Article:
• The Home Secretary oversees MI5
  • The Foreign Secretary oversees the SIS and GCHQ
  • The Defence Secretary oversees Defence Intelligence
  • The National Security Strategy Implementation Group is covered by UKGOV Russian Unit in the Foreign and Commonwealth Office
  • The Chancellor of the Duchy of Lancaster oversees the National Cyber Security Strategy and related Programme
  • The National Crime Agency and separately the Police forces of the UK gather information and liaise internationally in their own domains.

There are other special security committees and country specific groups, such as the China Research Group. UKGOV argues that coordination works. Efficient cooperation and sharing seamlessly, not competing or covering the same territory twice, will be desirable. The Report does not suggest that the structures are wrong or failing. It is however clear that Russian State hostility to the UK needs tackling strongly and increased and well-coordinated activity is required.


The ISC considers that the Official Secrets Act is out of date. Yet in 2017 a Law Commission Consultation on this subject was set up – the result is still awaited: such Commissions for consultation and investigation are slow tools for dealing with fast moving and developing activity, especially where dynamic technology is involved, such as cyber-attacks. They are perhaps more suited for kicking into the long grass than resolving practical applications? A new Espionage Act may be on the cards. The Metropolitan Police is reported to favour stronger powers.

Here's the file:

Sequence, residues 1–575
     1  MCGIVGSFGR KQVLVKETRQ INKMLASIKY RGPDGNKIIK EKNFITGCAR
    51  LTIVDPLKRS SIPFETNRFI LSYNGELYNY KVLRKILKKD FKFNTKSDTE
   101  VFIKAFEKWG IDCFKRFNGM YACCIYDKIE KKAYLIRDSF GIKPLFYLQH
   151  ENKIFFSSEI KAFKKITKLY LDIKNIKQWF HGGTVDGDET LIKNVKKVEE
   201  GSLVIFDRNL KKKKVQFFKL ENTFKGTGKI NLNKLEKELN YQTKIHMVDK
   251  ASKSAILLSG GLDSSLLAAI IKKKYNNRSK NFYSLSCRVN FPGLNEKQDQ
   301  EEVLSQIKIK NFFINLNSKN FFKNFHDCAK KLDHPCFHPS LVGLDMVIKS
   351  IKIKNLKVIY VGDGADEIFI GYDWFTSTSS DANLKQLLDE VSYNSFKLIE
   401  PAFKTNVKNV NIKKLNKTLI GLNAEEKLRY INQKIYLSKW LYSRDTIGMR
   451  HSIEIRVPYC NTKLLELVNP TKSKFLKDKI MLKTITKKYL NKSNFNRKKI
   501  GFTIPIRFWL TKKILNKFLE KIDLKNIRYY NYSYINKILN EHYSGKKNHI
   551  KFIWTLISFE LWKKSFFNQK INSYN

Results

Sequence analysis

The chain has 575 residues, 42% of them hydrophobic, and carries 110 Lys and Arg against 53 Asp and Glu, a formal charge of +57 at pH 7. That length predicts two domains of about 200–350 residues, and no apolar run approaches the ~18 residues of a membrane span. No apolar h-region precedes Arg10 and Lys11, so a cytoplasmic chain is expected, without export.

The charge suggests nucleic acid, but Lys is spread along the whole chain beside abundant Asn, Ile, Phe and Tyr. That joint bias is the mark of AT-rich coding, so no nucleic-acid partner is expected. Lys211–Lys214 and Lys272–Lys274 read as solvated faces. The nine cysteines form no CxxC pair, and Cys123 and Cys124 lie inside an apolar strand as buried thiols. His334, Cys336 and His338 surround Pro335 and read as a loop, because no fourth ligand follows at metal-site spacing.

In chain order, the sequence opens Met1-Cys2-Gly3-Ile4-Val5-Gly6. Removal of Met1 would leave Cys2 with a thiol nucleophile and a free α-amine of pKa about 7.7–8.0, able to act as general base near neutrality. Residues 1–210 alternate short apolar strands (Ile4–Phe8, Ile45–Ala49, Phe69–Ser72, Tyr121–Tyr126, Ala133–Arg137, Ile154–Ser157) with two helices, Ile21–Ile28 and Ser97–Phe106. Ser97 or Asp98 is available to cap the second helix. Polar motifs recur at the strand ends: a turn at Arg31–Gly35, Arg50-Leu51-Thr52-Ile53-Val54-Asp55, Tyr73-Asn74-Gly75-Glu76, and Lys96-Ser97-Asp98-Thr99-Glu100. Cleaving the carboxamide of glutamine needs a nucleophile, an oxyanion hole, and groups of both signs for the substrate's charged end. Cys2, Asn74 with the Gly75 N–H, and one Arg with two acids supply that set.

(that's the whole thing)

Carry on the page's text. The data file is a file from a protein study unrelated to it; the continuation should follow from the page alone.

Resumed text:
Other countries have already adopted laws requiring individuals in the relevant country who are acting on behalf of a foreign power, politically or quasi politically, to register as such, with a sanction for non-compliance of prison or extradition. For example, in the U.S. FARA requires such registration with the Department of Justice. The equivalent is likely to be adopted in the UK: and so, a PR agent for example, or a lawyer, representing a State or a state-owned company would have to register.

As regards wealthy oligarchs, even if there is suspicion around the source of wealth, it is proving difficult to challenge them for an explanation. Unexplained wealth orders, as indicated above, are hard to justify, as the origin goes back so long and presumably current wealth can be explained, if the laundromat works. Should the powers be strengthened in this respect?